My Leeds story - Meri Croft (Fine Art 2020)

We are extremely proud of the achievements of all our graduating students at Leeds, but especially our Class of 2020, who have completed their studies in such challenging circumstances.

We know that our graduates are keen to make a difference in the world, and each month, we shine a spotlight on a Leeds alum who graduated in 2020.

In February, we spoke to Meri Croft, a Fine Art graduate who used her art to capture the uncertainty she faced after graduation. Her work went on to feature in the Guardian, and was later sold by New Blood Art.

You can read the stories of more inspiring graduates featured in our My Leeds Story Class of 2020 series, or alternatively, listen to the My Leeds Story podcast series here.

My Leeds story
Meri Croft

Start by telling us how you came to choose to study Fine Art at the University of Leeds? 

I don’t remember a time that I didn’t have a passion for art. I’ve always been making and creating since I was very young, but I decided to study art at university because I wanted to develop my theoretical and critical understanding. I also wanted the opportunity to work alongside like-minded creatives who challenged and inspired me, and I decided that university was the best place for me to do this.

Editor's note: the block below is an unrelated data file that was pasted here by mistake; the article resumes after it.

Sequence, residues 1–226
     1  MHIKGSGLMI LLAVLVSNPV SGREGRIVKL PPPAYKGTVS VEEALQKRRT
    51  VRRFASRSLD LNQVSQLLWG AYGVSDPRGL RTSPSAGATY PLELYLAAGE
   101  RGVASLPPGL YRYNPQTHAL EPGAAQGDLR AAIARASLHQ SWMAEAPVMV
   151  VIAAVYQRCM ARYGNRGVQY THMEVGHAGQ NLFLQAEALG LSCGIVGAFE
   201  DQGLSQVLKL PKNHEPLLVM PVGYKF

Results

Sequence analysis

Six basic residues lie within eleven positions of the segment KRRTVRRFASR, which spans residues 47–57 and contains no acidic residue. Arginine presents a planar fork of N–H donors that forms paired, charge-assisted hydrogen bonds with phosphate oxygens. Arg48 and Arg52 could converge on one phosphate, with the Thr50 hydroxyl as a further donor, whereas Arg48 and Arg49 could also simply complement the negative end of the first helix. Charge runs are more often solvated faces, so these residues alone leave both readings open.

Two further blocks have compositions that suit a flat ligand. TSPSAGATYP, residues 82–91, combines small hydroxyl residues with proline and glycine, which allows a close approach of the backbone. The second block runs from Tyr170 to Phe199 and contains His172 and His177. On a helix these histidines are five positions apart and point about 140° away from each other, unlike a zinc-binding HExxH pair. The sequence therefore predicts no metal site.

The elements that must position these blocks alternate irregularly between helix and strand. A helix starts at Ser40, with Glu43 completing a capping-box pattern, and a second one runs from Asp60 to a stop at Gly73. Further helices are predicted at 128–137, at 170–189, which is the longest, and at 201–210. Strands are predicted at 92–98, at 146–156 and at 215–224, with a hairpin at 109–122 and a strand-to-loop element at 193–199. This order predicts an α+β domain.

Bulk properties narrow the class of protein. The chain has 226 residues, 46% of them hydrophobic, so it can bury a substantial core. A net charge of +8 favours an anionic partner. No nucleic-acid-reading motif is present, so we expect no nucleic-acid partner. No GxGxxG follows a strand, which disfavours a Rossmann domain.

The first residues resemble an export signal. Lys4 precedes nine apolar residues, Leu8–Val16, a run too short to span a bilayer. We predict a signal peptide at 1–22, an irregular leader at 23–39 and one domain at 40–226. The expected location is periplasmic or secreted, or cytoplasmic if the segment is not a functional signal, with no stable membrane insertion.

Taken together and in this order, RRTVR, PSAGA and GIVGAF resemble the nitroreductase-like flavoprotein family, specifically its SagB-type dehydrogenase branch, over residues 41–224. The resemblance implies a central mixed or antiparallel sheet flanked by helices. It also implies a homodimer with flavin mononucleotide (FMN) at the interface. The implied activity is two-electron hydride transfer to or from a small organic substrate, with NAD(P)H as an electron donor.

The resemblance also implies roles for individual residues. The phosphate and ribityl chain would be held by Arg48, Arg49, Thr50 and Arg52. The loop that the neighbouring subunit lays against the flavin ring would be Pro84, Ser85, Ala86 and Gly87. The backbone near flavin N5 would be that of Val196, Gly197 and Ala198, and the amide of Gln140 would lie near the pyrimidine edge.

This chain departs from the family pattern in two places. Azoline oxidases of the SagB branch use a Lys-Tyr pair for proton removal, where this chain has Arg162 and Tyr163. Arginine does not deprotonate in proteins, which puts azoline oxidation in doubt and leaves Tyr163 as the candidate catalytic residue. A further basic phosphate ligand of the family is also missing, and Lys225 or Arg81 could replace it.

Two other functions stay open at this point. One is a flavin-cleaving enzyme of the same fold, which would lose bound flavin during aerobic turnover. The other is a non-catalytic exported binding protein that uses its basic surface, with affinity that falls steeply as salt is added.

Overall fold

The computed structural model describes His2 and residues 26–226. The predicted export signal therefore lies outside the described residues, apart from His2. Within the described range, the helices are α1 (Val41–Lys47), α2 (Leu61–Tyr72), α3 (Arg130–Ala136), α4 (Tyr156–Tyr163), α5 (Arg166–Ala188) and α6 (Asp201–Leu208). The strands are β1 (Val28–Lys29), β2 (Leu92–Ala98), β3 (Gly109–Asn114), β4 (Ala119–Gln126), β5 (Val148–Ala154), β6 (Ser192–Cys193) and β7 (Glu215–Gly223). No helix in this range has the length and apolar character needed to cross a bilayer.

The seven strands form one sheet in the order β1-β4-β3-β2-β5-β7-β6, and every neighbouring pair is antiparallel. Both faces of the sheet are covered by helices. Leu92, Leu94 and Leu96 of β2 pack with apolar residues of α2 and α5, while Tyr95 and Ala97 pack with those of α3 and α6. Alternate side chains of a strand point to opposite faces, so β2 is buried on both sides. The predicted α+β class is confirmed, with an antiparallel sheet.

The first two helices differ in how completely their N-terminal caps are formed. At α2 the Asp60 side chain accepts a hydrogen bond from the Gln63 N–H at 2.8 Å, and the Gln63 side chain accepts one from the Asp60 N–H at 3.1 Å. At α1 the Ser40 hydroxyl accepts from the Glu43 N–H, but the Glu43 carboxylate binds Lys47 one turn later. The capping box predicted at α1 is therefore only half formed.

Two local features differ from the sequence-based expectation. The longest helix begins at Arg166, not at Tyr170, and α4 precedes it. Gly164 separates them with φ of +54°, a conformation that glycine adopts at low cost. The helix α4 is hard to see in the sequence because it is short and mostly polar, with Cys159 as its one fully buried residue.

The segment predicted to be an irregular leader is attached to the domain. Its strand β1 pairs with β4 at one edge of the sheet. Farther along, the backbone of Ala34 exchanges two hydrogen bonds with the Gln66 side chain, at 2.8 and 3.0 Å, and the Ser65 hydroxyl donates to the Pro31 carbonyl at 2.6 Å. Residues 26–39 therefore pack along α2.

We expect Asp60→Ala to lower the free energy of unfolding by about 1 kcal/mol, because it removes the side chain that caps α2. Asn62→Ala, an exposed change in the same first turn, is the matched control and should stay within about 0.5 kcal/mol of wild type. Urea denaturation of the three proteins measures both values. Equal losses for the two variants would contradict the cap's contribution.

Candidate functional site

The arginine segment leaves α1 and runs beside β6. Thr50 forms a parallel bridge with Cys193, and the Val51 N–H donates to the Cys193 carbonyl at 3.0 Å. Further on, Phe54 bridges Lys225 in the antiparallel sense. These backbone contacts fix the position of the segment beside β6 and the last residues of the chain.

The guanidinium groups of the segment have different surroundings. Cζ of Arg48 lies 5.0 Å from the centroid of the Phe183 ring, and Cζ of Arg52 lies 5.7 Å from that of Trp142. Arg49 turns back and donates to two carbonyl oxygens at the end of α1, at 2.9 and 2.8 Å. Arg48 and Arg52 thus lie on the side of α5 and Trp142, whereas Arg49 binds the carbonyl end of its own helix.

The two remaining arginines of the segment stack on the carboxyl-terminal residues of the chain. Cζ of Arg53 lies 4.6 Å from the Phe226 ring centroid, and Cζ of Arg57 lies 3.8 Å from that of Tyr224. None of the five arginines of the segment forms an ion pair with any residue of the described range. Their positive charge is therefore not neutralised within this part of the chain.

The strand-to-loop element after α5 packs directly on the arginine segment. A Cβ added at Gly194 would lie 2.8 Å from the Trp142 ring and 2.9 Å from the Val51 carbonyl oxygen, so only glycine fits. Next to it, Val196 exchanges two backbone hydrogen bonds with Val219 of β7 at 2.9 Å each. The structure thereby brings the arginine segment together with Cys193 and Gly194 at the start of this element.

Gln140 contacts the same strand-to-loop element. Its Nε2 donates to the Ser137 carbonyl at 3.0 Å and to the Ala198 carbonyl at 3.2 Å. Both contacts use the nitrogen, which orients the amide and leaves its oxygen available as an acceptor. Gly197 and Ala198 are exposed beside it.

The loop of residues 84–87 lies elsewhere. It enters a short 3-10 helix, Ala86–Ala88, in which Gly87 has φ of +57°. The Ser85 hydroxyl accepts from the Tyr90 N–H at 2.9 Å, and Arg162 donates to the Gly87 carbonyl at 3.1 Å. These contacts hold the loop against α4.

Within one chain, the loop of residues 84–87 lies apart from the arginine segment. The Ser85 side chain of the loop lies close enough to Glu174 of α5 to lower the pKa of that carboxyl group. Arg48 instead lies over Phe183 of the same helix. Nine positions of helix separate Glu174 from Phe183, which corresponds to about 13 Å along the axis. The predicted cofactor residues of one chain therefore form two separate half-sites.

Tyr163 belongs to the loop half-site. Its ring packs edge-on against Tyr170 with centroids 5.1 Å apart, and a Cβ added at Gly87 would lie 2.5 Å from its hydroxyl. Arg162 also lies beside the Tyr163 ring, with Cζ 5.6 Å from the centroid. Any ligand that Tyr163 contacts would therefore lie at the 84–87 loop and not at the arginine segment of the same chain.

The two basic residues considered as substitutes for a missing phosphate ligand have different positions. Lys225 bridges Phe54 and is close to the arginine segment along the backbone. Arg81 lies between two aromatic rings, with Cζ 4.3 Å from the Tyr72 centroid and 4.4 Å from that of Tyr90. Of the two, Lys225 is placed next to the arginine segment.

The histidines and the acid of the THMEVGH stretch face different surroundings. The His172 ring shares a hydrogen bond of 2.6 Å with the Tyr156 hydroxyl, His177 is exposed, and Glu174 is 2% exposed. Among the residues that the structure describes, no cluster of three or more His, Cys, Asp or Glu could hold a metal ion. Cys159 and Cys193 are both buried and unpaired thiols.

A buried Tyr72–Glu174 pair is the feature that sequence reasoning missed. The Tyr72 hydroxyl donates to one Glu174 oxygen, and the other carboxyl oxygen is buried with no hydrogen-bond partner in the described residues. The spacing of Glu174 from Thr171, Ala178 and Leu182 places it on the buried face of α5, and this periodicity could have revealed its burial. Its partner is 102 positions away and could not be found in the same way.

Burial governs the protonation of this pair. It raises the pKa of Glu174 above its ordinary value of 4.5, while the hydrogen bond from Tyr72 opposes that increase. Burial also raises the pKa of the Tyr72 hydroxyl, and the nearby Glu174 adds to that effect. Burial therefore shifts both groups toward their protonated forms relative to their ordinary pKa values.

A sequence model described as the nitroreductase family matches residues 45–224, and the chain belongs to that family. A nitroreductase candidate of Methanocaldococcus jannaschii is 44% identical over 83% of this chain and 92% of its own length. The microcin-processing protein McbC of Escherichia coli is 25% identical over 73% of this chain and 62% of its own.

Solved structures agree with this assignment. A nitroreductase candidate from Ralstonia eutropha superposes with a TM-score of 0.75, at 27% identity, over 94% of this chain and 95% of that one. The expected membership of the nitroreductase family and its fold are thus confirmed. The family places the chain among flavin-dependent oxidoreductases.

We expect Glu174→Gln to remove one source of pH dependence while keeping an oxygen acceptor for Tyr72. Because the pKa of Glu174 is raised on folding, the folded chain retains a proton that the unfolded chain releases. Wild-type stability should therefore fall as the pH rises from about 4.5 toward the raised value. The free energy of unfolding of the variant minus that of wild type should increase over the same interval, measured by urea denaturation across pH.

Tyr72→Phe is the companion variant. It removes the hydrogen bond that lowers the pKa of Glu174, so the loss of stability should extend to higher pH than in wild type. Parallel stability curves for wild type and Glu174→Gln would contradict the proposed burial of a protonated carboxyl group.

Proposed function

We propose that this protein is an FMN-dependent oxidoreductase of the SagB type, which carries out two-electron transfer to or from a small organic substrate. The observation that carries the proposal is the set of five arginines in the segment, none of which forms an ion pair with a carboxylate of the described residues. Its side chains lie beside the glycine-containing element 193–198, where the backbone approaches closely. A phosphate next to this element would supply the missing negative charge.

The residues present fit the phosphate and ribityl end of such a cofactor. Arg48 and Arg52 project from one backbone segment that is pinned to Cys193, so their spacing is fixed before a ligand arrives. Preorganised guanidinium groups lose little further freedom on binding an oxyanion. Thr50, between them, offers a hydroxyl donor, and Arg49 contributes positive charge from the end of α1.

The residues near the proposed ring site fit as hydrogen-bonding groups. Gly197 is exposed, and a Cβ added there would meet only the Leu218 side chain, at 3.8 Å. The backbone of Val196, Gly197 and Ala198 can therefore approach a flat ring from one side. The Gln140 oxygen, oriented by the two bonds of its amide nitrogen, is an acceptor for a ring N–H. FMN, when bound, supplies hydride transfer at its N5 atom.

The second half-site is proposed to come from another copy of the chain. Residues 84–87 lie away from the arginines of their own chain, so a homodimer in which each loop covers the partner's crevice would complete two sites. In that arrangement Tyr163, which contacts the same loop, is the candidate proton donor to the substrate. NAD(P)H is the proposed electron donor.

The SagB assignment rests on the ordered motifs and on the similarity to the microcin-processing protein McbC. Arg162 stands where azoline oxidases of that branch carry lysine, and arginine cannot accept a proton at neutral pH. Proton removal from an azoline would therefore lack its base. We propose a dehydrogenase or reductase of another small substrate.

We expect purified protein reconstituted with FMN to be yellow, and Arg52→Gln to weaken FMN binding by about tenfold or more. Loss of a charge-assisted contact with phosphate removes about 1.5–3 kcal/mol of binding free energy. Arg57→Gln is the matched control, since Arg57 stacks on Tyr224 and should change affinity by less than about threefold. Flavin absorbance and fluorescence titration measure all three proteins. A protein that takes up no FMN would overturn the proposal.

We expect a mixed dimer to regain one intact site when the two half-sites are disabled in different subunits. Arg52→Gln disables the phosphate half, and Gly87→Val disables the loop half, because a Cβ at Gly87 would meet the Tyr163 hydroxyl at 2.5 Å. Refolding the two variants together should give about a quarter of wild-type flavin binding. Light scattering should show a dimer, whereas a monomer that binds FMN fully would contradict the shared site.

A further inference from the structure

It was important to me to find a city with a lively arts and music scene, and I knew that Leeds has lots of grassroots arts and music venues. I visited for an open day, and I fell in love with the University. I also really liked that my course had the option to study abroad in the third year, a rarity for Fine Art courses in the UK!

What was your experience of living and studying in Leeds like?

I had an exciting and varied time at Leeds. Having the campus so close to the city centre meant that it was easy to become involved in city life. I found there was almost always an interesting event on, whether it be life drawing, an exhibition, an open-mic or live music - I always had something to do!

As part of my course, I also got the chance to study abroad at the Universidade de Lisboa. This was an amazing and unforgettable experience which helped me to develop both academically and as an artist. I returned to Leeds with inspiration and research for both my dissertation and final year studio work.

"This has been an unexpected and unprecedented year – it's okay if things aren’t going to plan right now."

Meri Croft (Fine Art 2020)

Your final year at Leeds wasn’t quite as you would have imagined it, not being on campus for the last term and being unable able to return to campus for your graduation.  How was the experience of studying virtually? 

Initially, it was a shock to study at home, having to adjust to creating without a studio space and the studio community that I had come to rely upon. However, everyone on my course was in the same position, and the whole experience was made much easier with regular virtual group crits, tutorials and meetings. We all supported each other through the adjustment to digital learning and isolated creation. Although we didn’t have the physical studio space, we kept the feel of a studio community alive digitally.

What have you learnt about yourself after being in lockdown?